Hip-hop isn’t just an artform that embraces sampling – it’s one that owes its entire life to it. Sure, there was a time when early hip-hop was created by mixing vinyl records together as they played, keeping it real in the analogue world, but the invention of sampling allowed it to go stratospheric, providing a better way to combine elements of existing tracks and for the artist to put them together in a new way.
Nowadays, digital storage and computing power isn’t a problem, and the aspiring hip hop producer could tread a million paths of possibility… but that wouldn’t be quite right either. The whole spirit of hip-hop production is to take what was already there and to twist it into something bigger and better – to collaborate with others after they’ve left their footprints behind. And one great way to do that is to use the elements created for just that purpose by the top sample labels in the world.
IN THIS GUIDE
PART 1: The Best Royalty Free Hip Hop Sample Packs
– Hip Hop Instrumentals 2
– Raw Skillz
– Hip Hop Progressions
– Smokers Blend 2
– Beatmakers Toolkit - Essential Hip Hop
– Sweet Dreams Jazz Hop
– Organic Hip Hop Grooves
– Vintage Vinyl Breaks
– Starfall LoFi Hip Hop
– The Drum Store Vol 2
PART 2: Techniques for Using Them Better in your Tunes
PART 1: Best Royalty Free Hip Hop Samples
Hip Hop Instrumentals 2
Hip-hop is all about recycling ideas, right? And so this pack of ten constructions kits keeps a group of flavours with coherent sounds for you to mix samples from one in with its stablemates, with samples from another one of the ten packs, or with the rest of your own samples.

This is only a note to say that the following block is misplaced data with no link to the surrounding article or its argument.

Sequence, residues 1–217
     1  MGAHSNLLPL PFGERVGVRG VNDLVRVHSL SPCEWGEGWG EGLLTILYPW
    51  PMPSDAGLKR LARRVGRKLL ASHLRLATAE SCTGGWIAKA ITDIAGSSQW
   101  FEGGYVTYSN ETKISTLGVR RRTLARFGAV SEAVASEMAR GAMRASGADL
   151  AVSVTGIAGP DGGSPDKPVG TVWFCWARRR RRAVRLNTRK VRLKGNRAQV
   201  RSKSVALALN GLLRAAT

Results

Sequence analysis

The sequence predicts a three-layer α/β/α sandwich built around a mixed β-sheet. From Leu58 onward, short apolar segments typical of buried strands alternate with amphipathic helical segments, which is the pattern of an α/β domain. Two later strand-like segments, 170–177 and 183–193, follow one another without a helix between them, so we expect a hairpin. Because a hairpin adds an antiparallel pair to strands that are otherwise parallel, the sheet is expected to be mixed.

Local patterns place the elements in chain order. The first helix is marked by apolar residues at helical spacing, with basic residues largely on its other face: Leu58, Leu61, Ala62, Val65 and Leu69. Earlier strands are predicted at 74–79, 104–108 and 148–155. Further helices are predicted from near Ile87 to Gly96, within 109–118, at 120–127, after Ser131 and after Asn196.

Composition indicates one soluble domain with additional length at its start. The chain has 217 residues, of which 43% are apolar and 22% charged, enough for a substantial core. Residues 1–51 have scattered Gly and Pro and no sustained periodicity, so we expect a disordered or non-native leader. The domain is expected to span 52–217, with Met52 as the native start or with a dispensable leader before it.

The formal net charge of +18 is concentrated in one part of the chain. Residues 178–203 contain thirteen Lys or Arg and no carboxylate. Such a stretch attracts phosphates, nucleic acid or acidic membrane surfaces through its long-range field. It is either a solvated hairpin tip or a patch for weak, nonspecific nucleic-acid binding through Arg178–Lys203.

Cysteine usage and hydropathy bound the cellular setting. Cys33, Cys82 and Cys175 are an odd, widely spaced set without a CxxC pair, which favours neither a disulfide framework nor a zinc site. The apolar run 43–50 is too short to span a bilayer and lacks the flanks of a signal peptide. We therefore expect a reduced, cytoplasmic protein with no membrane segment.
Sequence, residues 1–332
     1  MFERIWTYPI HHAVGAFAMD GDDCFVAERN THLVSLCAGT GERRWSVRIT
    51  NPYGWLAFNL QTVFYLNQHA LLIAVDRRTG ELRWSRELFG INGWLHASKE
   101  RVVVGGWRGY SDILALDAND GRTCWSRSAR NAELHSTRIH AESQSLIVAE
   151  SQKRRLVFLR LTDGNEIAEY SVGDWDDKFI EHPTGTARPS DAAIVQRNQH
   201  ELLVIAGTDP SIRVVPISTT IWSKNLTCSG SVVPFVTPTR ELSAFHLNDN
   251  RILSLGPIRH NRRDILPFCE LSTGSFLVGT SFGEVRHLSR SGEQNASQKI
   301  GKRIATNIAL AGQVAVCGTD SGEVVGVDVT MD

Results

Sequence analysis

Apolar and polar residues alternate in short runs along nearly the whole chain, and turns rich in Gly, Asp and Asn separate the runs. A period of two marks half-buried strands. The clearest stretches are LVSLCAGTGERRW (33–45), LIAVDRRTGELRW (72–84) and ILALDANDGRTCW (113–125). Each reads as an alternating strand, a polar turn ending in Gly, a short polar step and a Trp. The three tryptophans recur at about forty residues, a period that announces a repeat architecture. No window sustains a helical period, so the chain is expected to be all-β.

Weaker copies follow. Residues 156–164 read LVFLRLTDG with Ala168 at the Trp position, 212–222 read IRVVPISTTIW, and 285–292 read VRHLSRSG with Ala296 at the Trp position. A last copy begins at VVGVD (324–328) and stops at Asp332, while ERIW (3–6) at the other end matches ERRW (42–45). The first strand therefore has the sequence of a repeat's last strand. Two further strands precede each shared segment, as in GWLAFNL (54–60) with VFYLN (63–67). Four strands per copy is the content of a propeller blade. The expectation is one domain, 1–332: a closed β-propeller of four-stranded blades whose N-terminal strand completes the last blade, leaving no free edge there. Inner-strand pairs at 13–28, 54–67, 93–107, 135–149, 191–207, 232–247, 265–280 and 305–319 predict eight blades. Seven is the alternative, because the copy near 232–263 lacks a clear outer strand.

Of course, you also get a breakdown of the constituent elements, distributed throughout other folders and split between 109 loops and 126 one-shots, at tempos from 70 to 114 BPM to keep things nice and variable. Live, Logic and Reason packs are available, as well as the main WAV breakdown of the whole lot.
Sample developer Raw Cutz provide jazzy funk and classic hip hop in this pack, giving you soulful results from a range of sample types.
This particular pack is available in three different ‘Lite’ versions, for Maschine and Ableton formats (curated collections of 160 samples each), plus a pack of 220 Loops and One-Shots. Whichever of those three you choose will depend on your budget and what you want to do with them but Raw Cutz are also pushing the Everything Bundle version, which offers 1100 samples in total.
Hip Hop Progressions
Boasting a huge number of samples inspired by both the US and the UK, this pack offers live and programmed drums, turntable sounds and scratches, beatboxing, guitar loops, basslines of all colours, keys and melodics, drum hits, percussion loops and loads, loads more. Did we tell you there’s a lot of stuff in this pack?
Smokers Blend 2
With a collection of formats on offer for various prices, (Ableton, Logic, Reason, plus individual collections of the isolated component One-Shots, Drum and Percussion, etc), this is an especially potent pack that harks back to the golden age of hip-hop – A Tribe Called Quest, Mos Def and so forth.
Beatmakers Toolkit - Essential Hip Hop
This pack gives you the basics to get started in piecing together your own old-school-inspired creations, with 120 drum hits and 20 loops made out of them to start the show. Add in 40 melodics to get the juices flowing, before exploring the rest of the sonic content on offer (FX, 808s, vocal hits, etc).
Developer Origin Sound say that Beatmakers Toolkit is great for anyone making hip hop, trap or any one of its many subgenres.
Sweet Dreams Jazz Hop